Monday, January 26, 2009

Happy Year of the Ox!

A few weeks ago, Henry and I made a million potstickers.

potstickers

With the help of a food processor, it’s not hard to make the filling for a million potstickers fairly quickly.

ingredients

What’s hard is rolling out each. individual. wrapper. (me.) And then wrapping each potsticker. (Henry.)

rolling out the dough for wrappers

dumplings

Here’s the story of the million potstickers.

We started with this excellent recipe from Jen Yu of userealbutter.com (highly recommended blog – more of her recipes to come). We made approximately a double batch of filling and a double batch of wrappers.

mixed ingredients

The wrappers lasted us through about half of the filling. Half! I don’t think we were rolling them very thick or anything. Seemed quite thin to me. So anyway, then we made another single batch of the dough. (I’m not sure why that seemed like a sensible idea to me, given that a double batch only got us HALFway through the filling.) When those ran out we gave up, threw everything in the fridge, and collapsed. The next day we bought pre-made wrappers and finished off most of the filling. (The bit of filling that was left at that point got pitched into the garbage and good riddance.) Result of this experiment: we couldn’t taste the difference between the homemade and the storebought wrappers. Buy them!

hand mixing

But truly, even with the homemade wrappers, these potstickers were a lot of fun to make, and delicious to eat! The recipe for a tasty dipping sauce is also included below. Henry and I ate these potstickers at 4 or 5 meals over the course of 4 days, and we also served them as an appetizer when his co-clerks came over for dinner. So yummy! I’m craving them now!

potstickers

****

Potstickers, adapted from Chinese Dumplings and Potstickers on userealbutter.com.
(This is the doubled version of the recipe, which made a million (aka about 100) potstickers)

Filling:
2 lbs ground pork
8 cabbage leaves (I’m sure napa cabbage is best, we just had normal old cabbage)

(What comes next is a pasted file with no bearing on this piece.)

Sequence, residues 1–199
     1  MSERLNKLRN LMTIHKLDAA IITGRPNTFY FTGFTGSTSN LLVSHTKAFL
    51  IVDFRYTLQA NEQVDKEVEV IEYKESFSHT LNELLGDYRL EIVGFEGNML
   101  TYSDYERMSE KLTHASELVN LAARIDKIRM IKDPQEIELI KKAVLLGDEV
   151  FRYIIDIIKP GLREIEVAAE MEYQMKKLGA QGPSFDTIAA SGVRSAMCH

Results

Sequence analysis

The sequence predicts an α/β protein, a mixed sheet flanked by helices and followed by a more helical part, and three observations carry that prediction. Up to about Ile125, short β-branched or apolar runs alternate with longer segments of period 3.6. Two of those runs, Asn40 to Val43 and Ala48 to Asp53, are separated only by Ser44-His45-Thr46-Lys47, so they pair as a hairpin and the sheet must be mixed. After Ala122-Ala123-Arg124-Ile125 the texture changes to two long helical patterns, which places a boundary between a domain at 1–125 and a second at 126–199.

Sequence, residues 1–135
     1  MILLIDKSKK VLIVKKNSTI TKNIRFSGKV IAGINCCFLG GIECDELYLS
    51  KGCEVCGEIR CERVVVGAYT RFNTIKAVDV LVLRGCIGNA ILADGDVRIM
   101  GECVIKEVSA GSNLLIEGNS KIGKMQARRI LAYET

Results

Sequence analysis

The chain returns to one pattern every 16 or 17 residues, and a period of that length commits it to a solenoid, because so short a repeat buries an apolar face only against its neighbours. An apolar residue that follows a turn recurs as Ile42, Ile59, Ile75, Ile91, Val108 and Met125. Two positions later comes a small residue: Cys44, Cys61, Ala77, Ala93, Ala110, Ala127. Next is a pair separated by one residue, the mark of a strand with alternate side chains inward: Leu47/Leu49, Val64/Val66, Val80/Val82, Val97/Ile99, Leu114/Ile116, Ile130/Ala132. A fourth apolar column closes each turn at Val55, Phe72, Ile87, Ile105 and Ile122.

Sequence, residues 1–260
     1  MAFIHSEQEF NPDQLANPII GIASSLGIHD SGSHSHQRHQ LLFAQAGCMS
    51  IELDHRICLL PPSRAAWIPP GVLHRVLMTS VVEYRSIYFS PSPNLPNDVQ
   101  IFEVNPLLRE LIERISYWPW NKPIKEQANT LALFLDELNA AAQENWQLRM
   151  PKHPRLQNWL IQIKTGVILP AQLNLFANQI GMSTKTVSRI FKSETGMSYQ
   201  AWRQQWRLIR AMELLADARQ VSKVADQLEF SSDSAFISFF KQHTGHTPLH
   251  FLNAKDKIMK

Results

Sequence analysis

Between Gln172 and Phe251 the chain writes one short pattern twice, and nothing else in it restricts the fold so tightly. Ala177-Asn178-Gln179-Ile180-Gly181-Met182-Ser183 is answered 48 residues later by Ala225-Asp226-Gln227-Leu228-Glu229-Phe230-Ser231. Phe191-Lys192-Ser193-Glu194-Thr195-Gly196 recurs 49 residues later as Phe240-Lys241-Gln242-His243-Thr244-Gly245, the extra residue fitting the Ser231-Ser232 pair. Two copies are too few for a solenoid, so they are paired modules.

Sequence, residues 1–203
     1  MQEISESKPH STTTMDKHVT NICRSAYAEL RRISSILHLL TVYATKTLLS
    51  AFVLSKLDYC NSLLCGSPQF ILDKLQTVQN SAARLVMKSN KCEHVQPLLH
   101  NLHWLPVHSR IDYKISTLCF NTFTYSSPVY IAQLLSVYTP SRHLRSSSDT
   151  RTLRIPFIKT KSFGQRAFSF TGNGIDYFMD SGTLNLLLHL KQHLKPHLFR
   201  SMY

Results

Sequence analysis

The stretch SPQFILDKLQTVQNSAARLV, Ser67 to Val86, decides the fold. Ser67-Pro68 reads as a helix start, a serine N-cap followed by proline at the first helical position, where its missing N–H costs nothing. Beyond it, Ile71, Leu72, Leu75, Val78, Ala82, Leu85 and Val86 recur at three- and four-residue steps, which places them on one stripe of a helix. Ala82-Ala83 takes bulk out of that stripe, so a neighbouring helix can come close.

6 green onions
12 shitake mushrooms
¼ cup ginger, minced
4 eggs
½ cup soy sauce
¼ cup sesame oil
¼ cup cornstarch
about a palmful of salt (to taste)
fresh ground pepper

Instructions:
Use a food processor to chop the following ingredients, separately: cabbage, green onions, mushrooms, and ginger. Put these chopped ingredients in a large bowl, add ground pork, soy sauce, sesame oil, cornstarch, salt, and eggs. Use spoons or your hands to mix everything together until all is uniformly distributed.

(After you’ve wrapped a couple of potstickers, cook them up and taste. You may want to add more salt or soy sauce. If the filling is not sticking together well, add more egg.)

Dipping sauce:
1 green onion
2 cloves garlic
a small chunk of ginger
soy sauce
sesame oil
garlic chili sauce or chili oil (optional)

Instructions:
Finely chop the green onion, garlic, and ginger. In a small dish, combine with soy sauce, plus a splash of sesame oil. This just gets better over time, as the flavors mix. For a little kick, add a bit of chili sauce/oil.

Wrappers, how to wrap, and how to pan-fry:
See recipe and instructions on userealbutter.com. The recipe/instructions are way down at the end of the post, but then you’ll want to scroll back up to see pictures of how to roll and wrap the potstickers. For this part, the only adjustment we suggest is that you BUY 100 PRE-MADE WRAPPERS. But if you decide to make them at home, follow the userealbutter recipe, except quadruple it and mix a few pinches of salt in with the flour before you start adding water. We have only tried dough Method 2, and that worked great.

Other important notes:
After wrapping, be sure to dredge the bottom of the potsticker in flour. Otherwise, even if it doesn’t seem sticky now, it will become sticky later and you will have a hard time getting it off the plate and into the pan (especially if you store the plate in the fridge for any length of time). Also, don’t let the sides of the potstickers touch each other while uncooked, unless you also flour the sides.

We continued eating potstickers over several days, as I mentioned, and we just kept the uncooked ones in the fridge for those days. If you’re going to store them longer, freeze on the plate (well floured and carefully separated!) and then dump into a bag to store in the freezer.

(Thanks for the pictures, Henry!)

2 comments:

PaniniKathy said...

Luckily I really like potstickers - winding up with a million is fine by me! They look just delicious.

vanlikethecar said...

AWESOME!!!! What a great way to ring in the new year! And Karen, those crimping skills on the potstickers look fantastic and making me hungry. And I'm guessing that you but Ivy Noodle to shame!